Finally Mr. Ferriero,  as the Archivist of the United States, do your sworn duty and fulfill the requirements of the JFK Records Act so that you can, as the law requires, report to Congress that the last JFK assassination record has been released to the public.


Paul Kuntzler


Obama Moves to Curb Secrecy With Order on Classified Documents

By Charles Savage

WASHINGTON – President Obama declared on Tuesday that “no information may remain classified indefinitely” as part of a sweeping overhaul of the executive branch’s system for protecting classified national security information.

In an executive order and an accompanying residential memorandum to agency heads, Mr. Obama signaled that the government should try harder to make information public if possible, including by requiring agencies to regularly review what kinds of information they classify and to eliminate any obsolete secrecy requirements.

“Agency heads shall complete on a periodic basis a comprehensive review of the agency’s classification guidance, particularly classification guides, to ensure the guidance reflects current circumstances and to identify classified information that no longer requires protection and can be declassified,” Mr. Obama wrote in the order, released while he was vacationing in Hawaii.

He also established a new National Declassification Center at the National Archives to speed the process of declassifying historical documents by centralizing their review, rather than sending them in sequence to different agencies. He set a four-year deadline for processing a 400-million-page backlog of such records that includes archives related to military operations during World War II and the Korean and Vietnam Wars.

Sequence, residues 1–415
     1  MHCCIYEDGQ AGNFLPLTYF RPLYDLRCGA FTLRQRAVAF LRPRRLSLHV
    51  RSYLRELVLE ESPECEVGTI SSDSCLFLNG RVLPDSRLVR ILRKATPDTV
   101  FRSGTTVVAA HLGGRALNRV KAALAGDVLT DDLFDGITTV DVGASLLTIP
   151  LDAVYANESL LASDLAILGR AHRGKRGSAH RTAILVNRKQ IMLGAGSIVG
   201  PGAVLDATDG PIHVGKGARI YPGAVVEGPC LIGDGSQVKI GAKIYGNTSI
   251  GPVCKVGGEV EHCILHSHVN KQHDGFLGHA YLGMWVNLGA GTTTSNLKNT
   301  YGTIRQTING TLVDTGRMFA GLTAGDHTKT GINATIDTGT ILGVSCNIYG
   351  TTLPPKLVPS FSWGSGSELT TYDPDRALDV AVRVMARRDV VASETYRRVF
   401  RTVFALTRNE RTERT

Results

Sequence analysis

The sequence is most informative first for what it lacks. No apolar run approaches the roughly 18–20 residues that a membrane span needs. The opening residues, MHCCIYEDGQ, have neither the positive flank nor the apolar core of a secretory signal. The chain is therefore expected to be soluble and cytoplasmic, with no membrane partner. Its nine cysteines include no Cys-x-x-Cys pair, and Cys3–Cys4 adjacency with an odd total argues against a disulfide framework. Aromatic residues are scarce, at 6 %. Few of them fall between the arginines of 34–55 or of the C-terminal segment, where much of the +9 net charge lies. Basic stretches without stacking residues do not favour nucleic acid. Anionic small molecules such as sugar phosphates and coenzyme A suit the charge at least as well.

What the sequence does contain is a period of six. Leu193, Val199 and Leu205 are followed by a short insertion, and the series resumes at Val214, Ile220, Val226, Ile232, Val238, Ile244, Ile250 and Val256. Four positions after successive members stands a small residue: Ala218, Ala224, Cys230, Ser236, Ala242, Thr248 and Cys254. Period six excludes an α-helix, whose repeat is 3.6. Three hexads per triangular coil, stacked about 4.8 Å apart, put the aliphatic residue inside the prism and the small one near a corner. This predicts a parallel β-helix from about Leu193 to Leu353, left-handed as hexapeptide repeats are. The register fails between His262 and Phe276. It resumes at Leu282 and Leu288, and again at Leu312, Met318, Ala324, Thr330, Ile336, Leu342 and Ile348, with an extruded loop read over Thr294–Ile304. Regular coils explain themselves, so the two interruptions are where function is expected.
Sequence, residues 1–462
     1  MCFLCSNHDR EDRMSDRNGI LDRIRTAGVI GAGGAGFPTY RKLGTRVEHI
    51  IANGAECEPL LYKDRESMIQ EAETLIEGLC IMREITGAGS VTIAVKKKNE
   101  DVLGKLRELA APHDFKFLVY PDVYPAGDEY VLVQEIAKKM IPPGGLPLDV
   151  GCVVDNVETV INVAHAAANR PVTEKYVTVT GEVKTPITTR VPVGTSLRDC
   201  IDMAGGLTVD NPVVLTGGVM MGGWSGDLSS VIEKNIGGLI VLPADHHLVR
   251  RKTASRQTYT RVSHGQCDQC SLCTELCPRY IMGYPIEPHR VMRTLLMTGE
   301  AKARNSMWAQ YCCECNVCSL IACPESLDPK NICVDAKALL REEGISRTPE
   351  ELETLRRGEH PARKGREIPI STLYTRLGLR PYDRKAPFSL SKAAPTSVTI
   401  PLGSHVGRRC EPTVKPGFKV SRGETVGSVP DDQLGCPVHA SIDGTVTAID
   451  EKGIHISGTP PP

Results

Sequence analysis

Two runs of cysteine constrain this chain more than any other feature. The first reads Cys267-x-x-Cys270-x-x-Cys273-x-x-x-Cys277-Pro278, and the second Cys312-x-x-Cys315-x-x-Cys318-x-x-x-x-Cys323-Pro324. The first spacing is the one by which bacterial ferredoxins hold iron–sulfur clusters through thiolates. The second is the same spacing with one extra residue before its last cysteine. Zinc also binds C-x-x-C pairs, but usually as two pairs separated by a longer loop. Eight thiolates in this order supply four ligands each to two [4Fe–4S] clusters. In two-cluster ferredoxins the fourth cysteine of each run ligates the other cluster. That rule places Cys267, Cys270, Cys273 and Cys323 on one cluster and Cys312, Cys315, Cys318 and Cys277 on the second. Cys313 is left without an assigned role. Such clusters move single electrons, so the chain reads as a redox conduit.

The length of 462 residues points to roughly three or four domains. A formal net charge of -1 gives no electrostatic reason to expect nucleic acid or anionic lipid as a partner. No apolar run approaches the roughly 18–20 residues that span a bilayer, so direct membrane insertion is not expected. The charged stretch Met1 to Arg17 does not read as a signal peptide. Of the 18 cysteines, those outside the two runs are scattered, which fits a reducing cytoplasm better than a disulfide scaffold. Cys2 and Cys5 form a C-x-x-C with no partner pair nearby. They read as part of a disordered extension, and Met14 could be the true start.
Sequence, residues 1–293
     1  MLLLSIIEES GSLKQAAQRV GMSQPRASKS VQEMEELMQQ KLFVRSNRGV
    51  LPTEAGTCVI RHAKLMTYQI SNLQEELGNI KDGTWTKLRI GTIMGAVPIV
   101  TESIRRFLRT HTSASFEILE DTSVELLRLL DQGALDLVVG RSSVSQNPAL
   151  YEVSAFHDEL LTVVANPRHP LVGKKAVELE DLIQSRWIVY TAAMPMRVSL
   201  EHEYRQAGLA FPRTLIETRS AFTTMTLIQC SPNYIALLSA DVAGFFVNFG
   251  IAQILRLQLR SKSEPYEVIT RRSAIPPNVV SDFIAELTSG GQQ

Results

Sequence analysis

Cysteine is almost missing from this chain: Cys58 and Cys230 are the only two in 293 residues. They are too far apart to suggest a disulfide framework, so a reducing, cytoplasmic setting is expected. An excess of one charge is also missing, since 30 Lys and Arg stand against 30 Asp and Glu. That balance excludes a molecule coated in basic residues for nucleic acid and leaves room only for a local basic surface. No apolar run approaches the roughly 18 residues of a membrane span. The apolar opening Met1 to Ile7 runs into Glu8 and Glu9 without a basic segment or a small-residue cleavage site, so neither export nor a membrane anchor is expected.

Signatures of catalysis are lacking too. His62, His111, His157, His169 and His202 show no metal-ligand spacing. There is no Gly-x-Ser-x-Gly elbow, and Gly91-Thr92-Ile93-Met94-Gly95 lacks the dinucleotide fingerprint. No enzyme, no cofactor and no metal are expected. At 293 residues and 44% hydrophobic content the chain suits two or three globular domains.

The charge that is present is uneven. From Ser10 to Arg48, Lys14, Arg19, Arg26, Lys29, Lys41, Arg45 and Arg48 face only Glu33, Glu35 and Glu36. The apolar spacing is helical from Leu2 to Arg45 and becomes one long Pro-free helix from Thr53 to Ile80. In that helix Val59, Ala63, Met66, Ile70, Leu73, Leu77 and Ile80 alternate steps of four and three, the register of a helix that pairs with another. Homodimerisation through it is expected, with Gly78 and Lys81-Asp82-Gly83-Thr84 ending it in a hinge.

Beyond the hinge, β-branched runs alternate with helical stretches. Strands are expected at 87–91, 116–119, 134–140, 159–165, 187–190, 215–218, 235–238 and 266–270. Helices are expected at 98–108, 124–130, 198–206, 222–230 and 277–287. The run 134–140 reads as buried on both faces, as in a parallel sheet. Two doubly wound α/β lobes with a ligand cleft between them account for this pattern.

Moreover, Mr. Obama eliminated a rule put in place by former President George W. Bush in 2003 that allowed the leader of the intelligence community to veto decisions by an interagency panel to declassify information. Instead, spy agencies who object to such a decision will have to appeal to the president.

As a presidential candidates, Mr. Obama campaigned on a theme of making the government less secretive. But in office his record has been more ambiguous, drawing fire from advocates of open government by embracing Bush-era claims that certain lawsuits involving surveillance and torture must be shut down to protect state secrets.

Steven Aftergood, the director of the Project on Government Secrecy at the Federation of American Scientists, expressed cautious optimism about Mr. Obama’s new order, saying it appeared to be “a major step forward” from the vantage point of those who believe the government is too secretive.

“Everything depends on the faithful implementation by the agencies,” Mr. Aftergood said, “but there are some real innovations here.”

Mr. Obama also suggested that his administration might undertake further changes, saying he looked forward to recommendations from a study that Gen. James L. Jones, the national security advisor, is leading “to design a more fundamental transformation of the security classification system.”